Chronologies at Temistocles 44




Staunch antimodernists used to champion paintings that depict stories (as those by Immendorf and Fischl) if only to antagonize the late formalists’ so-called “anti-theatrical” posture. “Narrativity” has since been unhappily linked to “content” in its yet unhappier quarrel with “form”. Chronologies, a tight international exhibition of recent narrative works, refrained from playing the role of the postmodern contrarian. The allure of these stylistically hybrid pieces derived less from their stories’ subject matter than from the artists’ concern with piecing together artworks by transforming narrative into an element as malleable as paint in an action painting can be.

Both Jeffrey Vallance and the Arce/Abaroa team devised frameworks that allowed their untamed tales to unravel, and both included themselves as conditions affecting their works’ resolution. Valley-Boy Vallance wanted to test himself theImages in the Eyes of the Guadalupe (1994), an alleged paranormal phenomenon associated with the Virgin’s shroud in Mexico City.  Enlighted more by the Enquirer than by the Scriptures, Vallance’s less-than-epiphaneous imagination “discovered” in the same patterns not the expected religious settings, but semblances of Elvis, Bob Dylan and Bigfoot, which he cropped and presented in laser prints. The unsettling effect of Images’  blend of cultural disjunctions is akin to that of the mix of interpersonal disjunctions in Marco Arce’s 42 small sequenced paintings with text after a Robbe-Grilletesque “script” by Eduardo Abaroa. Chronic Incompetence (1994) amplified its authorship’s duality by lumping a continually shifting storyline together with pictures that make unexpected stylistic pirouettes. Memorable in this multilayered collaboration are a mock-transcendental diatribe complemented by abstract paintings interrupted by the misleading appearance of Prince Charles, and a comics-style romance giving way to Guston-ish porn.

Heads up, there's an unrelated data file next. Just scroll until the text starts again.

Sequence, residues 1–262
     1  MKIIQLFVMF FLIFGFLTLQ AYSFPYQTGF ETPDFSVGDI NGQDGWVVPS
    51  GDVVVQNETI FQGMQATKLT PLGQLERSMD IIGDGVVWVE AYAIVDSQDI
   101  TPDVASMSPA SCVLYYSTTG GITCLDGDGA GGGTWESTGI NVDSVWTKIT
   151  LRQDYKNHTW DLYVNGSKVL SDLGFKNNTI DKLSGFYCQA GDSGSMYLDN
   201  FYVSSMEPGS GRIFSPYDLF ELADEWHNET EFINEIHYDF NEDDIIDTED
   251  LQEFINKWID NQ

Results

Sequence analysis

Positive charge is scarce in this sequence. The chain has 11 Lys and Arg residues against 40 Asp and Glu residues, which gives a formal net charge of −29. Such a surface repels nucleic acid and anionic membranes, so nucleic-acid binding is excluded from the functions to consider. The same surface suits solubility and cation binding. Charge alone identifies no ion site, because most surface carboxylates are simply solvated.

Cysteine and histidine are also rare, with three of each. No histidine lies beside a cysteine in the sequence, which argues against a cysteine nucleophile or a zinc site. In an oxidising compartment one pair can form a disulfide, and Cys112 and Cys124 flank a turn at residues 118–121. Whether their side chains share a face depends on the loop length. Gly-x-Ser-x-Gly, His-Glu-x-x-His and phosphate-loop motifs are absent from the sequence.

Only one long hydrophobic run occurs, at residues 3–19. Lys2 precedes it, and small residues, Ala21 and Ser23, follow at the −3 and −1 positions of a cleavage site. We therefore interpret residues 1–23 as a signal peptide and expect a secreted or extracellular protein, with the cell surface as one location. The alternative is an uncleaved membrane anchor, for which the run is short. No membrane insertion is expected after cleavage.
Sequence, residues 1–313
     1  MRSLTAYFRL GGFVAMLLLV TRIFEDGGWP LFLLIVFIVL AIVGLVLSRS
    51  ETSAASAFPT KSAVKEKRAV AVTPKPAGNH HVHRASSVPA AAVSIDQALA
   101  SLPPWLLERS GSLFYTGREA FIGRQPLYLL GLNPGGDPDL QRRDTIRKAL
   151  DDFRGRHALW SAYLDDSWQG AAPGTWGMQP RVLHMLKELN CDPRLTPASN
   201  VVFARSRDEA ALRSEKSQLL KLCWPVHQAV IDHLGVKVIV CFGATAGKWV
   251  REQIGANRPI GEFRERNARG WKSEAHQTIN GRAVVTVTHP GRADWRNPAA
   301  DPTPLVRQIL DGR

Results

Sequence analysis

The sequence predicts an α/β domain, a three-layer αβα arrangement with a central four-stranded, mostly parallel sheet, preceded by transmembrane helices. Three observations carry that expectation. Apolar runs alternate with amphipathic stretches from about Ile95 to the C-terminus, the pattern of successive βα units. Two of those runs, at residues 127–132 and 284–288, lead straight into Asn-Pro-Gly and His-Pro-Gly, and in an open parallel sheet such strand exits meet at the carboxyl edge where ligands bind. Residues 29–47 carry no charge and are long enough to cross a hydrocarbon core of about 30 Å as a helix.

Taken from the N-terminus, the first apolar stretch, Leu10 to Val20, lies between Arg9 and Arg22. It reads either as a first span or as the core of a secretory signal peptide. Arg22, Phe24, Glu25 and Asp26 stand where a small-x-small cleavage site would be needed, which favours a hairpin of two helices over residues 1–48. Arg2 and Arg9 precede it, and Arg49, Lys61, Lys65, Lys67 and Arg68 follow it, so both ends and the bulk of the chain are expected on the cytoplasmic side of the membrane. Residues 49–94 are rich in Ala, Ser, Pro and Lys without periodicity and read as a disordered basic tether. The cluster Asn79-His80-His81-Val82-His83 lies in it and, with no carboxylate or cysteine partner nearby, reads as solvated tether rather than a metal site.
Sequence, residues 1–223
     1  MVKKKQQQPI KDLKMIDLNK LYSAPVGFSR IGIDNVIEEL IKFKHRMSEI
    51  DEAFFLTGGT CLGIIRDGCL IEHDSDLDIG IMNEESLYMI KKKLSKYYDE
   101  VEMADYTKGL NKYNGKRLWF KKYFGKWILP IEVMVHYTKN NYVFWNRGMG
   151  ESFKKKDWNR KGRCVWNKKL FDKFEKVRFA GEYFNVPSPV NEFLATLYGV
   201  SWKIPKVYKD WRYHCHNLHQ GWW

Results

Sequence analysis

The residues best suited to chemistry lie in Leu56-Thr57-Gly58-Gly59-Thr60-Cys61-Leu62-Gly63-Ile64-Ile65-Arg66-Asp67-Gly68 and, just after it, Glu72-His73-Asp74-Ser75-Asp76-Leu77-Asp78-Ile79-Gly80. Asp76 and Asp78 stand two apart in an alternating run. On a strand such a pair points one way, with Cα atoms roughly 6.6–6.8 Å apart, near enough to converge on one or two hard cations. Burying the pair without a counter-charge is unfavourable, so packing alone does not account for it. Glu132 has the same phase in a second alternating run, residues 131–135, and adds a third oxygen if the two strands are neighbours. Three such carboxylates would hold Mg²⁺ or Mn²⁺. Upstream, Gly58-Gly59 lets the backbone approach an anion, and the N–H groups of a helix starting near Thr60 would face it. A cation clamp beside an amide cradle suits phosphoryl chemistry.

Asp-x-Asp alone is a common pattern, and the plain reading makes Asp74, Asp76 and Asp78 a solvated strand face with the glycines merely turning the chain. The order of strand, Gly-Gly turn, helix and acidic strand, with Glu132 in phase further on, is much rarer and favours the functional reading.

With similar calculated-yet-unresolved acumen, Cameron Jamie’s Self-Portrait with Bart Simpson  (begun 1992) showed the ongoing saga of a chain of commissioned portraits which progressively distort an original portrait of the young Angeleno. The picture of a mother & child,  product of Jamie’s last installment of commissions, was processed, among others, through the hands of a local talent who cooks pictures out of pancake dough, the knife of a Styrofoam sculptor and the airbrush of a photograph colorist. At the chapter’s end, a third character appears first in the schematic shape of two accidental dots on a pancake and finally as a well rounded baby’s face to which the photo-retoucher gave full presence.

The pieces by Terence Gower and Marisa Cornejo radicalized “narrativity” to the point where it no longer is relevant to “content”. The Canadian Gower fabricated the tragic tale of an activist gay artist (Untitled(Bashing) 1992-94) around the ungifted hero’s inocuous abstract drawings and make-believe memorabilia. These mock-artworks were only incidentally significant as asides to the fictitious artist’s misadventures and thus laid bare the fact that all pictures are unavoidably narrative at some level– a condition that befit Cornejo’s Fire over the Lake (1994), a criptic autobiography encoded in a compilation of her uneven trials as a fine-arts student.

Chronologies brought together artists from Mexico, the U.S.. and Canada. Such oportune invocation of of the united colors of NAFTA secured it a Rockefeller sponsorship. Better still, the integrationist spirit was also expressed in the exhibition’s demonstrating that the reflexivity of formalist works, the literariness of postmodernism and the cultural comentary of the latest post-coceptualism are not, by definition, incompatible.